There is gnashing of teeth among the poor majority. Snake-like fuel queues have become the order of the day and there seems to be no solution in sight. A lot of productive time is being lost as people spend days on the queues just to access fuel. Some service stations are openly selling fuel in US$ while salaries remain in the form of the much discredited surrogate currency (bond note). Commuters continue to receive the shorter end of the stick as commuter operators charge according to their whims. Transport fares shot up this week. Chitungwiza commuters now have to fork out $5 for a single trip to town. In a country where the majority cannot afford cars, the use of commuters is ubiquitous. Even those with cars are forced to commute as they cannot easily access fuel for their own vehicles. The whole situation has fallen into the hands of unscrupulous commuter operators who have seized the opportunity to fleece the public of hard earned money. Mnangagwa's government has no answer to these problems.
Back to school
Schools opened this week, kick-starting a nightmare season for the beleaguered parents. It is well documented that uniform prices have spiralled to prohibitive levels, school fees have been raised as schools attempt to stay afloat in this hostile economic environment. Many families heavily depend on diaspora remittance for fees, textbooks, uniforms and groceries. This situation is too dire and unsustainable especially for those who are without relatives abroad.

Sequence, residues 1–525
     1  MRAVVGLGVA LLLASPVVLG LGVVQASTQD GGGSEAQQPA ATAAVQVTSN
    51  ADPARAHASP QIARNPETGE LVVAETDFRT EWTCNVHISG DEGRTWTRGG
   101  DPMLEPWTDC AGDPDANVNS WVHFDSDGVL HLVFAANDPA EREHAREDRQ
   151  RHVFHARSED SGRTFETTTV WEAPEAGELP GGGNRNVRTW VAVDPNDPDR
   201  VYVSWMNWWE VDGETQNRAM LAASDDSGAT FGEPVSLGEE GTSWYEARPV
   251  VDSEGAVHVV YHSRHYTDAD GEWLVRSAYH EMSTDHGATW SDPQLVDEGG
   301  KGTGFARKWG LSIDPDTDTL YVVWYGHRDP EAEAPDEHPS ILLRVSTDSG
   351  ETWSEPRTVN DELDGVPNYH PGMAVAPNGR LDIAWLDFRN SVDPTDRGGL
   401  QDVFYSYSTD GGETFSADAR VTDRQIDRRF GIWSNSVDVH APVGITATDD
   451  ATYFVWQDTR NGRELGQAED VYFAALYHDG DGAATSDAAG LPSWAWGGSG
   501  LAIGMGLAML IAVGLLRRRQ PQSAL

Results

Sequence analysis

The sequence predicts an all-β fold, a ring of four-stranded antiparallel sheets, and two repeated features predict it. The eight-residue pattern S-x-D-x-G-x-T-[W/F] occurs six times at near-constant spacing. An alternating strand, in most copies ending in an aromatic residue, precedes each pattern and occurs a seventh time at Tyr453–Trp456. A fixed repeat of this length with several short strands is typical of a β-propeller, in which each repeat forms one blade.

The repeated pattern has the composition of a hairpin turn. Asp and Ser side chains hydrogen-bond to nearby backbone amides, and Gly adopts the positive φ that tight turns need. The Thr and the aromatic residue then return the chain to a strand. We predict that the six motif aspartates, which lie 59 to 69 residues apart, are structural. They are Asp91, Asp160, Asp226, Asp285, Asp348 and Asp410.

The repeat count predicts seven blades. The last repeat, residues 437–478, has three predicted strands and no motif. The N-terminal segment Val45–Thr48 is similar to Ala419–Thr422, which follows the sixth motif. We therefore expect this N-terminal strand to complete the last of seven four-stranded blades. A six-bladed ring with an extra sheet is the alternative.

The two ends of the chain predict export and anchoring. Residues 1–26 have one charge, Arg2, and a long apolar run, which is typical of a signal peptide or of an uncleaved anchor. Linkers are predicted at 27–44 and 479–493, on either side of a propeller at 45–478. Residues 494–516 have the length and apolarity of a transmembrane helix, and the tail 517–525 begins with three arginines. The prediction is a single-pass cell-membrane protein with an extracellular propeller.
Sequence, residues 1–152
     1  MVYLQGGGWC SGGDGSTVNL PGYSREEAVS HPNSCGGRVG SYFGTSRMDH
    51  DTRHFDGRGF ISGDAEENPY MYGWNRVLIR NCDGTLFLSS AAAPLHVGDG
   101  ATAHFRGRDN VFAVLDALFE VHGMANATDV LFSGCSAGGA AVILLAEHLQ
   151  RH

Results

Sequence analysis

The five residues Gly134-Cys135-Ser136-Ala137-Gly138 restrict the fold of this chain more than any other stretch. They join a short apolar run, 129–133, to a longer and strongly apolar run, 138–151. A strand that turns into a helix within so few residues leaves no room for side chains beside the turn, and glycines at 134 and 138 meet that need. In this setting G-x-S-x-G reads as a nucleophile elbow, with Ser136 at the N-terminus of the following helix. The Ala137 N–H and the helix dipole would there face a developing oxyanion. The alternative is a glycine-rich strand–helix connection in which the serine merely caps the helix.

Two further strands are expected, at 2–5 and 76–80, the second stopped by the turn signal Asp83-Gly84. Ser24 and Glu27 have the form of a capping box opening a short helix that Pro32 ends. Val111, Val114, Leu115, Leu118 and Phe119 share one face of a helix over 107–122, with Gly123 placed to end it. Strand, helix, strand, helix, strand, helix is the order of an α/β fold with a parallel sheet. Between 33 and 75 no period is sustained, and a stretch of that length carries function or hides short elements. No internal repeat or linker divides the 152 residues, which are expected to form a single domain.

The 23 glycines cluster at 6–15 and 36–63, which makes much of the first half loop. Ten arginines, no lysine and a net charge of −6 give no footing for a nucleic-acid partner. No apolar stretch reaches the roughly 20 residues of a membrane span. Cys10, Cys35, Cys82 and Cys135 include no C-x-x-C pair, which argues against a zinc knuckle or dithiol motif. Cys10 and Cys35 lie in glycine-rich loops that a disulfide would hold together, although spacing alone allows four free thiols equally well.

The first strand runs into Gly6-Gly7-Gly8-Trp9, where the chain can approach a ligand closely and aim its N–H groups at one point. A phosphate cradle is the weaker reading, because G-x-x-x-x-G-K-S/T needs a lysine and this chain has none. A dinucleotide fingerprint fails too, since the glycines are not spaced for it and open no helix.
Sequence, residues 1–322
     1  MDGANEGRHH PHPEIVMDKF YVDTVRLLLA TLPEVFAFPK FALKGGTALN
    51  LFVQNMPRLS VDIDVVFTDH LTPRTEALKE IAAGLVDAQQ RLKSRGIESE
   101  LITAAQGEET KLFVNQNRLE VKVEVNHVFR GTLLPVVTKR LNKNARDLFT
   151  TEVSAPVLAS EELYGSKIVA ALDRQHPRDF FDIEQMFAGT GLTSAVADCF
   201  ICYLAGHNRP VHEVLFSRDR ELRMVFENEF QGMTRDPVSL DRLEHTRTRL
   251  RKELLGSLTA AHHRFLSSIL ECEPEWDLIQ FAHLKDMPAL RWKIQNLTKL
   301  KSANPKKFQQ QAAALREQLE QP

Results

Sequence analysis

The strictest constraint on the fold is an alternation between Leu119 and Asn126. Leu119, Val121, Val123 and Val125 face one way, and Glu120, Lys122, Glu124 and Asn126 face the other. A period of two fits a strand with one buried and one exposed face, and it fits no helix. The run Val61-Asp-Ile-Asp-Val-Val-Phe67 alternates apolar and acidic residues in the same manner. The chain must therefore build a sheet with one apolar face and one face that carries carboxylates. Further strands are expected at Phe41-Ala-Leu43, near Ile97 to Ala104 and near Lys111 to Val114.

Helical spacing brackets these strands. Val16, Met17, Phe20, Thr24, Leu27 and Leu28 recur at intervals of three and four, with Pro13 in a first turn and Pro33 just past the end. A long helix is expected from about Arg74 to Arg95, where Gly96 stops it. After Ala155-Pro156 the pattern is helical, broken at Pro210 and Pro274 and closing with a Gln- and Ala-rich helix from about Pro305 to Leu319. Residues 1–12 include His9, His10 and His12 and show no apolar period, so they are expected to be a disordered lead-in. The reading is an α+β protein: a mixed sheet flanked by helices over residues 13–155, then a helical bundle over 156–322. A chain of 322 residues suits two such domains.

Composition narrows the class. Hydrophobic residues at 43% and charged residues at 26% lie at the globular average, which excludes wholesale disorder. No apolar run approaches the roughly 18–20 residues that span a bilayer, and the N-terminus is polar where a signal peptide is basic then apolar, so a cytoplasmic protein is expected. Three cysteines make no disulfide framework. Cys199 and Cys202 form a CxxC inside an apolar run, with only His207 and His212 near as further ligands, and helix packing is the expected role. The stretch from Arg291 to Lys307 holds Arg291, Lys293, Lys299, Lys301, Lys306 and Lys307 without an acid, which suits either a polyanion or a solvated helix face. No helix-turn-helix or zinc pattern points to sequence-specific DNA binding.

In the Mugabe regime, the then Minister of Higher Education introduced STEM project that funded science students from high school and students benefitted. The new dispensation dissolved the program and didn't proffer alternatives.
Right now the most popular dream for young Zimbabweans is to leave the country. There is no hope whatsoever, the present and the future look bleak. To make it under these conditions is a long shot. Emmerson Mnangagwa is a monumental failure. He has dismally failed to stop the economic haemorrhage. Efforts to find a common ground with civil servants have so far failed. Doctors in their statement have 'begrudgingly' gone back to work as negotiations continue. The 10% increment offer has been rejected by unions as they dig in to be paid in forex to which the government has said it is unable to do. At this rate an uprising is on the cards, tougher times are coming for Zimbabweans.
Grace Kwinjeh is The MDC Alliance Representative to the EU